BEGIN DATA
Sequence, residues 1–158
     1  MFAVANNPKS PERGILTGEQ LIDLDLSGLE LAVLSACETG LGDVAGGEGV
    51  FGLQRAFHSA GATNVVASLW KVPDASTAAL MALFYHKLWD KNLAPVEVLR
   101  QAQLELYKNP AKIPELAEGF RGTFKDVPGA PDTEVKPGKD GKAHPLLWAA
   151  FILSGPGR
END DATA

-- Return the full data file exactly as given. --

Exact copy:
Sequence, residues 1–158
     1  MFAVANNPKS PERGILTGEQ LIDLDLSGLE LAVLSACETG LGDVAGGEGV
    51  FGLQRAFHSA GATNVVASLW KVPDASTAAL MALFYHKLWD KNLAPVEVLR
   101  QAQLELYKNP AKIPELAEGF RGTFKDVPGA PDTEVKPGKD GKAHPLLWAA
   151  FILSGPGR